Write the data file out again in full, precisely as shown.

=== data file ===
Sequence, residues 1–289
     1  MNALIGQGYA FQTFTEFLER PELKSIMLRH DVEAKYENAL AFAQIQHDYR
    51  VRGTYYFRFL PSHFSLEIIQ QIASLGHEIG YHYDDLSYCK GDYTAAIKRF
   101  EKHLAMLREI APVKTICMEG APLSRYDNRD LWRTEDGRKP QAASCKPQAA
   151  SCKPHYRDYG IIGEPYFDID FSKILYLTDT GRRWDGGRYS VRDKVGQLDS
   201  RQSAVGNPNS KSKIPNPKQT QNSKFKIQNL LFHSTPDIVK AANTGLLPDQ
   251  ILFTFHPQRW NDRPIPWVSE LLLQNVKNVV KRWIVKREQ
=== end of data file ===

Sequence, residues 1–289
     1  MNALIGQGYA FQTFTEFLER PELKSIMLRH DVEAKYENAL AFAQIQHDYR
    51  VRGTYYFRFL PSHFSLEIIQ QIASLGHEIG YHYDDLSYCK GDYTAAIKRF
   101  EKHLAMLREI APVKTICMEG APLSRYDNRD LWRTEDGRKP QAASCKPQAA
   151  SCKPHYRDYG IIGEPYFDID FSKILYLTDT GRRWDGGRYS VRDKVGQLDS
   201  RQSAVGNPNS KSKIPNPKQT QNSKFKIQNL LFHSTPDIVK AANTGLLPDQ
   251  ILFTFHPQRW NDRPIPWVSE LLLQNVKNVV KRWIVKREQ